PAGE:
Seminar / Conference 18-20 June 2018 | Tallinn, Estonia This seminar is for youth workers, policy makers, developers and initiators of eParticipation processes interested in exploring youth eParticipation and gaining...
Nadia Murad, a 25-year-old Yezidi woman, has been awarded the Nobel Peace Prize for 2018, along with Congolese gynaecological surgeon Denis Mukwege.
‘Nadia’s story and the work she is doing are truly remarkable,’ says Joshua Castellino, MRG’s Executive Director of MRG. ‘She has stood up to bullies and challenged gendered stereotypes at a tough personal cost, in the hope of a better tomorrow. Her recognition with this award will inspire others, especially those far from sites of power who not only face regular abuse, but see their oppressors get away every time.’
Both winners have been awarded for their efforts to end the use of sexual violence as a weapon of war and armed conflict.
Murad grew up in the Iraqi village of Kocho, a quiet agricultural area that had good relations with its neighbours, both Christian and Muslim (including Arab, Kurdish and Turkmen) communities. Nadia attended secondary school and hoped to become a history teacher or make-up artist. Her peaceful life was savagely interrupted when ISIS attacked her homeland in Sinjar with the intention of ethnically cleansing Iraq of all Yezidis. Six of her brothers were rounded up and executed along with all the other Yezidi men. Murad was sold into sexual slavery and repeatedly raped. She spent months in captivity before managing to flee. Following her escape, she chose to speak openly about what she had suffered.
In describing Murad, the Nobel Peace Prize committee says: ‘She refused to accept the social codes that require women to remain silent and ashamed of the abuses to which they have been subjected. She has shown uncommon courage in recounting her own sufferings and speaking up on behalf of other victims.’
‘Nadia winning the prize also brings hope to the Yezidi community towards claiming their rights and acknowledgement of the genocide,’ says Erivan Mahdi, another Yezidi woman activist. ‘Rape and violence against women have become crimes commonly committed in most of the conflicts and wars around the world. The prize is important in that it is targeting a crucial issue. It should help gain the international community’s attention to the most marginalized and oppressed communities and minorities around the world,’ she adds.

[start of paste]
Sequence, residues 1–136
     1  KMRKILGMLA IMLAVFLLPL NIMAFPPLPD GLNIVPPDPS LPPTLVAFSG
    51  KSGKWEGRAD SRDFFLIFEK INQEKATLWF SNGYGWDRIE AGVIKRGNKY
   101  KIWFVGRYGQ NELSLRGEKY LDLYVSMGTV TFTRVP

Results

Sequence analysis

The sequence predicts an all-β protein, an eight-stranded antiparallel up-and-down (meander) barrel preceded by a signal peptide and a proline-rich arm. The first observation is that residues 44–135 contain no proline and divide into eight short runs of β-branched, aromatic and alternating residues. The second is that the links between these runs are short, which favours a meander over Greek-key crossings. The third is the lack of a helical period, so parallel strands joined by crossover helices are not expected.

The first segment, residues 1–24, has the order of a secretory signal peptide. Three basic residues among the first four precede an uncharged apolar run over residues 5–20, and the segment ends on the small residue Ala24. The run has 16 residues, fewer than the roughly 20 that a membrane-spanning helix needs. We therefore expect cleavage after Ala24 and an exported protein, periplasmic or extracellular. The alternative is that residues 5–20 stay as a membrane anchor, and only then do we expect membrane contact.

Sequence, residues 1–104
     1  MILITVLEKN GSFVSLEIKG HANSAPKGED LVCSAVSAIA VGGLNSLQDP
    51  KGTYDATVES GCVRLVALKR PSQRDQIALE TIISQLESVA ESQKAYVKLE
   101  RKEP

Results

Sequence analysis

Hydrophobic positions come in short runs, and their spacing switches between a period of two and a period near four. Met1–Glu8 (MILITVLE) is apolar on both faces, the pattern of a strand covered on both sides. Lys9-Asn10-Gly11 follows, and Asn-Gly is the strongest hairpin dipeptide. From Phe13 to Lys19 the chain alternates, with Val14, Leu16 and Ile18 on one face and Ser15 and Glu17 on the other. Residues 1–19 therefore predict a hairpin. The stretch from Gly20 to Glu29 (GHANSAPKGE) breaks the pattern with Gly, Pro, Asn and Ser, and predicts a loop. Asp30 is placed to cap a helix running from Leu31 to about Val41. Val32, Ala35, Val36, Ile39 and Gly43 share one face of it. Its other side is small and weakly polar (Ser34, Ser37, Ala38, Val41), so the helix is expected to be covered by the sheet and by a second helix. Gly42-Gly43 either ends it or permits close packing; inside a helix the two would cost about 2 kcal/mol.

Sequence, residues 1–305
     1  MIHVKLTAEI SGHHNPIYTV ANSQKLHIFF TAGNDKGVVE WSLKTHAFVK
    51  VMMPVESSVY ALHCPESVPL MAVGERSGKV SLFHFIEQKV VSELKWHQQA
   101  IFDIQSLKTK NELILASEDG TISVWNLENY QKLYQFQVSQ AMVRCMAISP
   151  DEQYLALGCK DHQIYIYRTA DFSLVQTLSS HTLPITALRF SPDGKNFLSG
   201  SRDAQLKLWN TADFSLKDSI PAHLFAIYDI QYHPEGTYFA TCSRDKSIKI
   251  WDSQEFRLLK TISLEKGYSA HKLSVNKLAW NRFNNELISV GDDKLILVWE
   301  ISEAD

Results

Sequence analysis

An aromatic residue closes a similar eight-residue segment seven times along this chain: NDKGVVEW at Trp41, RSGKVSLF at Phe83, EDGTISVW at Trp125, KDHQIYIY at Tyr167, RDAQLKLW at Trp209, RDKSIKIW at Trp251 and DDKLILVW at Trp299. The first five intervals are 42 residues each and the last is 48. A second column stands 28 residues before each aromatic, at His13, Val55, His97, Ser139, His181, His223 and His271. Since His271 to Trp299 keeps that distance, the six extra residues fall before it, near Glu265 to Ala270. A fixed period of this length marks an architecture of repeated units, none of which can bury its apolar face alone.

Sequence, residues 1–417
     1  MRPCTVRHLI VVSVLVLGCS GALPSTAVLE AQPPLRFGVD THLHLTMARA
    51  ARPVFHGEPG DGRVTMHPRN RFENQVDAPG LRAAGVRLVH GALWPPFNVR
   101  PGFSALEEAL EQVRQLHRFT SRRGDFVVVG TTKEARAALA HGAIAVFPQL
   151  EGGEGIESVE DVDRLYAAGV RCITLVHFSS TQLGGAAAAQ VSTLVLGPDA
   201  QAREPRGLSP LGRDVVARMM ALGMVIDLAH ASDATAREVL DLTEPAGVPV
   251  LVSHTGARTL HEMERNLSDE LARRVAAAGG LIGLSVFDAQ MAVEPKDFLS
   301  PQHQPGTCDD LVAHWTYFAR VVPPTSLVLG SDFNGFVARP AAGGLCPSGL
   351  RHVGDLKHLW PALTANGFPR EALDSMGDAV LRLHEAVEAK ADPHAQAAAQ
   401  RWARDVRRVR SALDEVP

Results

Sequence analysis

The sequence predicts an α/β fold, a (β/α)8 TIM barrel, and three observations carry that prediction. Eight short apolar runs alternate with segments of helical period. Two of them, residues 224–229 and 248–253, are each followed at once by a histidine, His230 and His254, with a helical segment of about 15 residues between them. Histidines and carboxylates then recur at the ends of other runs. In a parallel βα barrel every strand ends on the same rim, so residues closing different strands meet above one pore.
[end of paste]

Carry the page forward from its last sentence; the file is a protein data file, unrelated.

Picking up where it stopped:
In one of her very first public engagements, Murad spoke at the UN Forum on Minority Issues in 2015, after being supported to attend by MRG. Even while the Forum is intended to be a platform for minority representatives, participation is not without risk.
‘Platforms like the Forum are almost the only available opportunity for a vulnerable and poor minority like Yezidis where we can raise our voices,’ says Mahdi. ‘However, when we get back to our countries, we face many problems and questions from our governments. I lost my job after giving my speech in Geneva. But nothing can stop me. They cannot prevent me from looking for my rights.’
Murad also continued to convey her message to governments and international agencies. She became a UNODC Goodwill Ambassador for the Dignity of Survivors of Human Trafficking in 2016 and received the European Parliament’s Sakharov Prize in 2016.
‘Yezidi women appreciate the attention and the genuine sympathy for what they have gone through,’ says Pari Ibrahim, Executive Director of Free Yezidi Foundation. ‘But I can say personally that I have seen very many examples of organizations, activists, journalists, lawyers and others to really manipulate this situation and try to take advantage of the suffering for their own gain, from international people and Yezidi men alike. I have seen many unethical things that have enraged women and survivors. So we implore the international community to not treat the Yezidi women like this is a circus act or a game, to understand that aside from Nadia, there are thousands of others who have urgent needs, and please for everyone to respect ethical and fair treatment of survivors as they struggle to rebuild their lives’.
‘The award also marks global solidarity with the Yezidi community, who have faced some of the worst atrocities imaginable.’ emphasises Castellino. ‘As many Yezidis remain captive or displaced, MRG hopes this prize reminds the world of the continuing dire situation of the community. The Yezidi minority urgently needs protection, justice, access to care and reparations for the harms they continue to face.’
Yezidis are a religious minority, living in Iraq, Syria, Georgia, Armenia, Turkey and now as refugees in Europe. They have faced an estimated 72 genocides during their history. In June 2016, the UN concluded that the atrocities perpetrated by ISIS against the Yezidi community in both Iraq and Syria constitute genocide.